I tried to salvage whatever was available from the library package. It was a nightmare. However, miraculously, the issue resolved after a few days, and now I can open the library through updated Apple Photos. My guess is that my Mac continue repairing the damaged library package in the background and was successful. Anyway, I have learned the lesson.

Can you view the files stored in the managed library?

In order to see the contents of the library package, view the library file in the Finder window. Open the Photos App and click Photos on the menu. Choose Preference. In the preference pane under the General tab, click Show in Finder. Usually, this is in the Pictures folder, unless you choose a different location to store the library.

In the finder windows, right-click the library package (see below). Choose Show Package Contents. You will now be able to browse the files and folders inside the library in the Finder. Your images imported into the library are under Originals folder.

Right click and choose “Show package content” to see files in the library

Photos have renamed all my imported image files

I opened the library package to see if all my photos are OK. I clicked the Originals folder, and instead of subfolders arranged by years, months and dates, I saw 16 subfolders, from 0 to 9 and A to F. This was not the way Photos kept the image files. In the past, Photos stored the files in the year/month/date folder structure. Now, it stores all image and video files together in 16 folders without a sub-folder structure.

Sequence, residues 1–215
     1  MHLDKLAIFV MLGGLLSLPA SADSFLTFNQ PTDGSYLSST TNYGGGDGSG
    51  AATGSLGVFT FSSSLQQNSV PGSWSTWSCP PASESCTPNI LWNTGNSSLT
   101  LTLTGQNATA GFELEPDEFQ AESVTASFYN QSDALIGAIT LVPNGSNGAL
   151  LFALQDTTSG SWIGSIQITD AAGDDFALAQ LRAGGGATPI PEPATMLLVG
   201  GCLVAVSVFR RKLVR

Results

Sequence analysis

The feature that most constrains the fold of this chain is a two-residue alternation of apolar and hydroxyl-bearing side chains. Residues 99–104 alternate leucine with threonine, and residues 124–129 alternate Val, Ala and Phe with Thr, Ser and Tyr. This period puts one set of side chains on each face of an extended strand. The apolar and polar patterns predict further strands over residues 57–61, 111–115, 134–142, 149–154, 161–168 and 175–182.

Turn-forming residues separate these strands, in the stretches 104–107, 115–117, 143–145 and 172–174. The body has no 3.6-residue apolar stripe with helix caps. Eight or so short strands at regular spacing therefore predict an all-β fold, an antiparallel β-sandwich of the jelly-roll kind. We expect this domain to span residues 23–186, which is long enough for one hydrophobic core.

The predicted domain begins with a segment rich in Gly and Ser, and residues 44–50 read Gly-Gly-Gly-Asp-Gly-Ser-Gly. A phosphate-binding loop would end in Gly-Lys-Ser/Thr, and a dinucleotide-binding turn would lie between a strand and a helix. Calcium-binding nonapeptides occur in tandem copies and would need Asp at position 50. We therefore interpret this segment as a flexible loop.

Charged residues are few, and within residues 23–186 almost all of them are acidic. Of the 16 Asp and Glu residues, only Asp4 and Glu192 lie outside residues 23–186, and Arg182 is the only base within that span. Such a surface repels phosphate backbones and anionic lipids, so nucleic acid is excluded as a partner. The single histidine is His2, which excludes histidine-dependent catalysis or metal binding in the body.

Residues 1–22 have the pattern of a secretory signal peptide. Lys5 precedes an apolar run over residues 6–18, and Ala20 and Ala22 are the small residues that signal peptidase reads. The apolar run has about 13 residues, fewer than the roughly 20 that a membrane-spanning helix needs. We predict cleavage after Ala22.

To make matters more confusing and complicated, open any of these subfolders, and instead of original filenames, all the image files have been renamed! The sorting into each folder also does not seem to be in chronological order. This is OK as long as your library is not corrupt. However, if it is corrupt like mine, you would find it almost impossible to resort the photos into the original order.

Photos for macOS rename all my image files

macOS Photos Referenced Library

Nowadays I use the referenced library instead of the recommended managed library. The main reason I switched to the referenced library in Photos is to ensure I still can access my photos in their respective folders on my hard drive. Because the original raw files are only referenced, the library itself is quite small now.

I bought a 512 GB Samsung external SSD drive, and store my Photos Library there. My images and videos would not fit on it so I keep all my original files (approximately 1.6 TB) on another external HDD (a traditional one). My library is now less than 200 GB, thus easily fit inside a 512 GB SSD drive. And it was very very fast now. Thumbnails load pretty fast on Photos. Editing tool only a few seconds. Everything was much quicker than when I was using the managed library. To be fair, I had to use a large volume external HDD to keep my old library while the new referenced library sits inside an external SSD drive.

Apple’s Photos for macOS does not show thumbnails in the map view

Why use the referenced library in Photos for macOS

Here are the points that favor the referenced library over managed library:

  1. Managed libraries can quickly get larger. As the whole library is considered a file, copying or backing up to other drives takes a long time to finish. And if something interrupts the copying, you need to start the copy process again from the beginning. My 1.6+ TB library file took more than an hour to copy to another external drive.